Tonight’s all-new episode of Brooklyn — the first to air since the star and his comedy won a pair of shiny statuettes at Sunday’s Globes — may not convince those naysayers to change their minds. Its A-plot, for the most part, revolves around Samberg’s Detective Jake Peralta acting as obnoxious as humanly possible: pledging to take his quasi-love interest Detective Amy Santiago on the “worst date ever” after she loses a bet to him, hiring a children’s choir to sing a song about how much Santiago sucks on said date, wearing the top half of a tuxedo with cargo shorts. Don’t get me wrong: All these things are pretty funny. But occasionally, Peralta’s behavior seems less irritating than downright cruel; in those moments, you can sort of see why Brooklyn and Samberg might leave a bad taste in some potential viewers’ mouths.

But as those who are already fans of the show know, it’s absolutely worth persevering through the times when Peralta’s antics go too far. Because even while the Globes might have been a little hasty in naming Brooklyn 2013’s best TV comedy — we’ve only seen half a season so far! Where’s the fire, Hollywood Foreign Press? — it is still the network season’s most promising new sitcom, give or take a Trophy Wife. (P.S. Why aren’t you watching Trophy Wife?)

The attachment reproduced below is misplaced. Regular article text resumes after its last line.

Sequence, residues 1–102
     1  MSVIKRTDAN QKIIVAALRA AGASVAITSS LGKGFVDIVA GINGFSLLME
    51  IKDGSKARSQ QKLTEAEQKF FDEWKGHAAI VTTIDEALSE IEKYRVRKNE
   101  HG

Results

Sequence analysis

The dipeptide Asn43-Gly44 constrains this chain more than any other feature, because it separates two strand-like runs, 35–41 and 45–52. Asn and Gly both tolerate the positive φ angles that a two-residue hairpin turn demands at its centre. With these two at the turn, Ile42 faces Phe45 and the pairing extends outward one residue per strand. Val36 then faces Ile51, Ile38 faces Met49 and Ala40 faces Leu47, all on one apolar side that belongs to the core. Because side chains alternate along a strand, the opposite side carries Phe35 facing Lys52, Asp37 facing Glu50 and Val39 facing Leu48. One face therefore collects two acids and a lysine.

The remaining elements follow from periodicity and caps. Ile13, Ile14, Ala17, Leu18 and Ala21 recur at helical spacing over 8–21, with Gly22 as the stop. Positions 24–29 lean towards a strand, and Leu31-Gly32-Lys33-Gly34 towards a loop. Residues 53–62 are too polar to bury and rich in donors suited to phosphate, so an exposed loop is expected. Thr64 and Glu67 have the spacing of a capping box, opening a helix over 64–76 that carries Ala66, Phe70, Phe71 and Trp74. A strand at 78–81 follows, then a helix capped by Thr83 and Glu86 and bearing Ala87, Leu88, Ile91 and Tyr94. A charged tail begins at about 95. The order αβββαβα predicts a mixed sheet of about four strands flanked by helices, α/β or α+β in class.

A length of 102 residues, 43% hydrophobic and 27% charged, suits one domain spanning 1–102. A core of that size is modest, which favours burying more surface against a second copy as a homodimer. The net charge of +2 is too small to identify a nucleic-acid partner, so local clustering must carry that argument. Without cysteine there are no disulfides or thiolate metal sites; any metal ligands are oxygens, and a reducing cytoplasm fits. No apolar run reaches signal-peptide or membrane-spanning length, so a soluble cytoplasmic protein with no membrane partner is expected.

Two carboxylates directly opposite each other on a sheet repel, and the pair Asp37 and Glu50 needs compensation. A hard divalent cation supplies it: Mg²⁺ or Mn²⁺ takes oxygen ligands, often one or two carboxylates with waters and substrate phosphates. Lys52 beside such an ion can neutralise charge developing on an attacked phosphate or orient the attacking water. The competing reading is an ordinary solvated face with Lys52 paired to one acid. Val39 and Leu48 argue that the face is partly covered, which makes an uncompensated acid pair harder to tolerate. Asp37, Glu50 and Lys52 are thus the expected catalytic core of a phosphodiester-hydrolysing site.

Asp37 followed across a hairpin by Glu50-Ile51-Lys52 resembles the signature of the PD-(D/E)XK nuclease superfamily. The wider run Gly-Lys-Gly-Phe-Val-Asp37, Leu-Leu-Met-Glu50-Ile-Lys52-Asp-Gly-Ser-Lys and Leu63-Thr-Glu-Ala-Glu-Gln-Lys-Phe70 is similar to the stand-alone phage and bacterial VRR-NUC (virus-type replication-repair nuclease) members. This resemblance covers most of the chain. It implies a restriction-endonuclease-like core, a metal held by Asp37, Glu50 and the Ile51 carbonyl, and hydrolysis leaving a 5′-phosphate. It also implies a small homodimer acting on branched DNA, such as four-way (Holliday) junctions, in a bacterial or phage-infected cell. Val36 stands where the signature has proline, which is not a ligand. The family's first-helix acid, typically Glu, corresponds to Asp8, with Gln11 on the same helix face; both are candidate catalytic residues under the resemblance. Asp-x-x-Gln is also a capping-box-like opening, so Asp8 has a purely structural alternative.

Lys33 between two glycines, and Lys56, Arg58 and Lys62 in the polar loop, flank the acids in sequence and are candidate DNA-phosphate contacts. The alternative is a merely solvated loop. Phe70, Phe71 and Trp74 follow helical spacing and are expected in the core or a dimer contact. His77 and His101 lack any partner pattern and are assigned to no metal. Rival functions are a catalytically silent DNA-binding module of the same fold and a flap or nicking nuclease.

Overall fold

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Tina and Amy's best Golden Globes jokes: Read 'em here! VIDEO

Live, from Beverly Hills, it’s the 71st Annual Tina Fey and Amy Poehler’s Lee Daniels’ The Butler Golden Globe Awards! And as you can see from the previous sentence, hosts Fey and Poehler are already proving why bringing them back to host was the best idea NBC’s had since the mid-’00s. Here are a few funny highlights; check back for an updated list of jokes as the night progresses.

Amy: “Congratulations to all the wonderful actors nominated tonight, from the amazing Chiwetel Ejiofer, to the stunning Lupita Nyong’o, to American treasure Tam Honks. …Damnit, I knew I was going to screw that up.” [Camera pans to Tom Hanks]

Amy: “Matt Damon is here for Behind the Candelabra. Matt, on any other night in another room, you would be a big deal. But tonight, and don’t take this the wrong way, you’re basically a garbage person.”

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'Enlisted' premiere: Mission accomplished